A Dinar Will Get You Anywhere

Not having a car seems to be our biggest issue. Few family members have cars and those who do work or go to school and the young ones are always out with someone. Taher was now realizing all those issues I had spoken to him about 6 years earlier were in fact reality.  Everyone says “Tomorrow” “Later” “Next week, Inshallah” and in truth few things get done.  But hey I’m only a woman what do I know. J  Now all those things we needed time to take care of we are down to the wire for Taher to return to the states to finish up our obligations there.  We still are working on the Kitab al Ailah or Family Book.  It’s a book that carries the names of members of your family Father, Mother and as you have children. Taher all these years had still been the only name in his father’s book not removed and put into his own. Now we had days to finish this task that under normal would take weeks to months. Again the word “Wasta” comes into play. Every Libyan will know what it means.. Who you know, or who you are. Thankfully the family still has some good connections and we raced through red tape in hours not weeks.  Taher had to also come to the reality that in a matter of weeks I would be illegal and he would be gone and we would have a problem on our hands if I needed something. Taher hates Wasta but we had no choice they had waited till the last moments to heed our pleas that things needed to be done and they had to pay the piper now.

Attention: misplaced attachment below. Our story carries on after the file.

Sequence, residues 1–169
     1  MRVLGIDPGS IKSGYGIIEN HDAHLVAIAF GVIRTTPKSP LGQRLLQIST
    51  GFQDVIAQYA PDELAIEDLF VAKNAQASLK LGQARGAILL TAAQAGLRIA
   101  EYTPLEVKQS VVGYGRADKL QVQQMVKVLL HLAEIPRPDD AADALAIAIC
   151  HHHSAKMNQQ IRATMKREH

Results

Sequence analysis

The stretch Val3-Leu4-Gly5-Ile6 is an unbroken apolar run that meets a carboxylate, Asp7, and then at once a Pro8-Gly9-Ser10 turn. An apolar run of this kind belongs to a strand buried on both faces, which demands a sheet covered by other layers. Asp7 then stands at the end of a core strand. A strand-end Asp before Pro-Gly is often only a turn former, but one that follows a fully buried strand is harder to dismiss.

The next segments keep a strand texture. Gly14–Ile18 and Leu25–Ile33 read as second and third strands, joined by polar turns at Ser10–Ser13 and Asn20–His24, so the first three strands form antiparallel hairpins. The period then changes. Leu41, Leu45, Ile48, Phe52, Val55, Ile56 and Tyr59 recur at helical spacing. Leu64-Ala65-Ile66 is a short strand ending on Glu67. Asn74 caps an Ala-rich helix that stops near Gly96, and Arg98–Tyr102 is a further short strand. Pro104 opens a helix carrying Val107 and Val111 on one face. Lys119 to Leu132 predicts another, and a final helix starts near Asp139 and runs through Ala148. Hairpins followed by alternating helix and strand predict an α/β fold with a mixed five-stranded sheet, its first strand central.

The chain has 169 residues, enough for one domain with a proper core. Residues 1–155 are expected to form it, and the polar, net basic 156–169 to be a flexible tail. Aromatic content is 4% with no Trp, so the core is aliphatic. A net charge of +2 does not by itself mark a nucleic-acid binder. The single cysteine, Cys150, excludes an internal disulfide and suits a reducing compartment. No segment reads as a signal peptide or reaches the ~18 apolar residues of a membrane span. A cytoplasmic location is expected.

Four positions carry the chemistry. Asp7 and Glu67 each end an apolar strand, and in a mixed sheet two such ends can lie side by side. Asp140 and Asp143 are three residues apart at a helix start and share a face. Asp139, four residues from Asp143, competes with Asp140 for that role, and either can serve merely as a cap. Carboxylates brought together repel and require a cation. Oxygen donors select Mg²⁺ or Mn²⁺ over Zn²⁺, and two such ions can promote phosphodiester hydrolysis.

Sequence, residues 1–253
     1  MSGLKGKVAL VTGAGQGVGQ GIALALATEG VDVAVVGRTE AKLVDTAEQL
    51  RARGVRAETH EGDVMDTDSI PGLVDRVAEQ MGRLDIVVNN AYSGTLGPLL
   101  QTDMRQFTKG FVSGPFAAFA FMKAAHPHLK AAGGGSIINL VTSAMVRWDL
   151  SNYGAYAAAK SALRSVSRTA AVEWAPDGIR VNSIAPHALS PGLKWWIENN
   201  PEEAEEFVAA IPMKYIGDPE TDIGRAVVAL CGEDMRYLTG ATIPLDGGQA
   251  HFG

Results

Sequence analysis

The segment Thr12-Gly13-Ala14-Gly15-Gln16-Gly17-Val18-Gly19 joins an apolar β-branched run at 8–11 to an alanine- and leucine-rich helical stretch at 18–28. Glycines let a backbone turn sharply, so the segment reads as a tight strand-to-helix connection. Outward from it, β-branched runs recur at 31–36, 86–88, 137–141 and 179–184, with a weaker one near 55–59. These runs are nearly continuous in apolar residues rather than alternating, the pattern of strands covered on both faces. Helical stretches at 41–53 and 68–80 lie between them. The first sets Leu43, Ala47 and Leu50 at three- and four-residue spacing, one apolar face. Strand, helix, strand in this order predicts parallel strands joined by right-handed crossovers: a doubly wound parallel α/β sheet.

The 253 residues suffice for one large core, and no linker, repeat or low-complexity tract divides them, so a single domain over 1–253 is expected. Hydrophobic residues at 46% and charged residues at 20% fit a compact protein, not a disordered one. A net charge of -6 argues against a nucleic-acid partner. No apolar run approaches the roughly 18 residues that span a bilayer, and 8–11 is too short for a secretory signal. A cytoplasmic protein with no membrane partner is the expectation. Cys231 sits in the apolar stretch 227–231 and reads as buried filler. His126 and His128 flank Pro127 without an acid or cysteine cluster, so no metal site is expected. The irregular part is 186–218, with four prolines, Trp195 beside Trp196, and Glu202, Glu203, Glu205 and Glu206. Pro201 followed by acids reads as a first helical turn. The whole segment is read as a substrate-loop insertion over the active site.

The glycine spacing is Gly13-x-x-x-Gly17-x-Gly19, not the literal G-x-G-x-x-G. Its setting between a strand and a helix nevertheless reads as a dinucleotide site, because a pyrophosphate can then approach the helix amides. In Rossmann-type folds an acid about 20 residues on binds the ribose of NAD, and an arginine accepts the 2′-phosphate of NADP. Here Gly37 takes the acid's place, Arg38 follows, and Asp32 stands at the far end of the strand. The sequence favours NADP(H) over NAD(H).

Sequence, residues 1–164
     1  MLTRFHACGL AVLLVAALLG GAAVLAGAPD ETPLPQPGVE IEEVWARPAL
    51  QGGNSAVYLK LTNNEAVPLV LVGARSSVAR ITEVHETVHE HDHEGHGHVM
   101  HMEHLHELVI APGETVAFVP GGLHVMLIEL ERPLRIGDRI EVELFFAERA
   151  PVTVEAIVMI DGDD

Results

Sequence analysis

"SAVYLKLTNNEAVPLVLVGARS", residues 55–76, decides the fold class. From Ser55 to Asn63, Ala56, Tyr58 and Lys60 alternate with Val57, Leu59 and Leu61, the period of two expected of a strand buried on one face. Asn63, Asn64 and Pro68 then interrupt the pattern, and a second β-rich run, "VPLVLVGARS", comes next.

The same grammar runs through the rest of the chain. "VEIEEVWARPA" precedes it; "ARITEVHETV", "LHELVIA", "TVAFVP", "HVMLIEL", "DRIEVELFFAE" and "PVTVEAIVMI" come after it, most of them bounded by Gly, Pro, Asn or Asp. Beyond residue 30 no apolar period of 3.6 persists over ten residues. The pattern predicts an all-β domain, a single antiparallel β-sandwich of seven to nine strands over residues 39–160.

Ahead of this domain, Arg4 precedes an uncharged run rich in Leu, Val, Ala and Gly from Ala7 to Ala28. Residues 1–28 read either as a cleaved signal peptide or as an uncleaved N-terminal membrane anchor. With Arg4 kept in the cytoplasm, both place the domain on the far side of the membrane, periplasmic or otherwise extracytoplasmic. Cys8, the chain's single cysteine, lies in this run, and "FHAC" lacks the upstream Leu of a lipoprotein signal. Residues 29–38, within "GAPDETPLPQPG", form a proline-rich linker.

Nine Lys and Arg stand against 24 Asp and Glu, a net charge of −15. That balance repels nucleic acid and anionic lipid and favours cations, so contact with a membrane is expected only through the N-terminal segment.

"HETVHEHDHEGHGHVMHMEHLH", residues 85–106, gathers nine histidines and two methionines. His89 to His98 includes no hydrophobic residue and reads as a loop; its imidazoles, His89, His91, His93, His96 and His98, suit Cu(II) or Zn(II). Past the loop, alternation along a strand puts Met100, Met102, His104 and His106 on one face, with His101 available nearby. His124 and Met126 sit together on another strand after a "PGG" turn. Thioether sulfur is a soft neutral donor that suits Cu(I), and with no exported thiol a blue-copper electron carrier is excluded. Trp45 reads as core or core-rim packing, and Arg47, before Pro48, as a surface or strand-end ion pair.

Among our issues, is the fact that when I became Muslim I chose a Muslim name equal to my English name but in Arabic and when my first child was to be born we wanted Muslim names on his certificate so we went to court and legally changed my name.  Also I took my husband’s last name another thing not done in Muslim countries.  When I prepared to return I knew I needed a birth certificate so I had sent in all the paperwork to show my name change and had all the documents to show it.  Many states don’t show a lot of info on records and I was now down to mothers name, fathers name and a document that said my name has been changed to this.  All that sweet info that us genealogical people love like birth time, weight, parental info was pretty much washed away. Also another glitch hit me. When my mother was born they had not decided on a middle name by the time she was released from the hospital and they family didn't want to pay the additional fees to add a name after she left so unlike many she has no middle name. Over the years she used her maiden name as her middle name but tell that to a court in the Middle East. I was drilled on who were my parents, where were they from, when were they born why wasn't all this info on my papers????